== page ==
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By Aaron Ross
DAKAR (Reuters)

U.N. investigators Zaida Catalan and Michael Sharp were on familiar ground when they sat down with local leaders in central Congo in March to discuss a widening seven-month-old conflict in the area

The pair – experienced members of a panel monitoring the sanctions regime in Democratic Republic of Congo for the U.N. Security Council – were meeting members of the Kamuina Nsapu, a local clan, on the sidelines of peace talks with the government in the city of Kananga.

Among other things, they discussed plans to visit the village of Bunkonde, the site of violent clashes, the next day.

The two U.N. workers left Kananga on the morning of March 12. On March 27, their bodies were found in a shallow grave. Catalan had been decapitated.

 

Human bones, suspected to belong to victims of a recent combat between government army and Kamuina Nsapu militia, are seen at a mass grave discovered by villagers in Tshimbulu near Kananga, the capital of Kasai-central province of the DRC
Human bones, suspected to belong to victims of a recent combat between government army and Kamuina Nsapu militia, are seen at a mass grave discovered by villagers in Tshimbulu near Kananga, the capital of Kasai-central province of the Democratic Republic of Congo, March 11, 2017. REUTERS/Aaron Ross/

 

Congolese government officials maintained for months to reporters that no state agents were involved in the killings and that they did not know that the two experts were in the region, let alone heading to Bunkonde.

But at least one person who helped organise the trip, Jose Tshibuabua, worked for Congo’s intelligence service, the Agence Nationale de Renseignements (ANR), Reuters and Radio France Internationale (RFI) have learned.

The trial of a dozen suspected Kamuina Nsapu militia members started in June but was suspended in October pending the arrival in Congo of four U.N. experts last month to assist with additional investigations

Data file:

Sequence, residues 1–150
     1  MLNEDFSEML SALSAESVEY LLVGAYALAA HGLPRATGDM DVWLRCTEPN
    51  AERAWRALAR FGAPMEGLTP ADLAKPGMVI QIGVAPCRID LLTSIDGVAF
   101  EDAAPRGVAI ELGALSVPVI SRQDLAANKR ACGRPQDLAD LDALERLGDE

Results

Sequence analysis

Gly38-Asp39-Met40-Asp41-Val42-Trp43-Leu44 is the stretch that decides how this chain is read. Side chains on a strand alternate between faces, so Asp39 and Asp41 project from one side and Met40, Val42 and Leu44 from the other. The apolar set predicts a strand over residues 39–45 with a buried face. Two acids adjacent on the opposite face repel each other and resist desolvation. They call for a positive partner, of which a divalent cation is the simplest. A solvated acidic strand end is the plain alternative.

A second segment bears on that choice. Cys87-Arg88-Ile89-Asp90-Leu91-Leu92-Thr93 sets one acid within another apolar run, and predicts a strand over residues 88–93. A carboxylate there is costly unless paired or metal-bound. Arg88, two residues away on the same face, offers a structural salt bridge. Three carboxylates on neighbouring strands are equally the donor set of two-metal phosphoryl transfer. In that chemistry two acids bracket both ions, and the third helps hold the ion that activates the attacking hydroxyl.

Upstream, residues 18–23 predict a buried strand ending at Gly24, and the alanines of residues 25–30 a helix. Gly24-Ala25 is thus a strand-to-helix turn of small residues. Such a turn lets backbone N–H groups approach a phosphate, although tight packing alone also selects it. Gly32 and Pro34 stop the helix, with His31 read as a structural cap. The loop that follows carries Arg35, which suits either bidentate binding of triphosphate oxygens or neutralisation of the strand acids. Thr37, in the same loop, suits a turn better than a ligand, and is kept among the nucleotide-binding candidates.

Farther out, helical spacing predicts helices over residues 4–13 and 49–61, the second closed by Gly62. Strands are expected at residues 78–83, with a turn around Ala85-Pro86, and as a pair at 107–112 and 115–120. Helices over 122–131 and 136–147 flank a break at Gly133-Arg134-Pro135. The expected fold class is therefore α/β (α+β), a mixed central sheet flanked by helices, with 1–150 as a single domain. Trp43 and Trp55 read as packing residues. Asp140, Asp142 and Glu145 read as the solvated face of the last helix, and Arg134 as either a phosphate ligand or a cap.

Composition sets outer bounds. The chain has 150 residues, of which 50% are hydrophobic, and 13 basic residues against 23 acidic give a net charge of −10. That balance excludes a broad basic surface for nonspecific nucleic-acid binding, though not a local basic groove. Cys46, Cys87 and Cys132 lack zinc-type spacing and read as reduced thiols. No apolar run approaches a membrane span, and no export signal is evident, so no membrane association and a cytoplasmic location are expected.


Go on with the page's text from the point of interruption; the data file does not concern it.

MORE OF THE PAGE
Phone logs in a confidential prosecutor’s case file compiled for the trial and seen by Reuters and RFI, who jointly reported this story, show that Tshibuabua had frequent contact with a local ANR boss, Luc Albert Tanga Sakrine, before and after the two experts were killed.

 

 

Two security sources said that case file was given to a U.N. board of inquiry that concluded militiamen were likely responsible for the killings of Sharp, 34, an American, and Catalan, 36, a Swede.

 

Tshibuabua and his ties to the ANR were not mentioned in the board’s confidential report to the U.N. Security Council or in the trial, however

The board said it was unable to establish a motive for state actors to have been involved. But the two experts were conducting investigations in an area where the United Nations has accused Congo’s military of using excessive force against militia and civilians and of digging mass graves.

The top ANR official in Congo, Kalev Mutond, told Reuters and RFI that Tshibuabua was working as a “volunteer informant” for the agency at the time of the meeting, but did not inform ANR officials about his contacts with the two experts.

 

 

Since the trial of the militiamen was suspended, Tshibuabua was arrested and charged last week with the murder of Catalan and Sharp and participation in an insurrection, his lawyer, Tresor Kabangu, told Reuters. Kabangu said his client denies the charges and has not worked for the ANR in more than a year.

Government spokesman Lambert Mende now says that authorities have not excluded the possibility that state agents were involved.

 

Keep reading …

 

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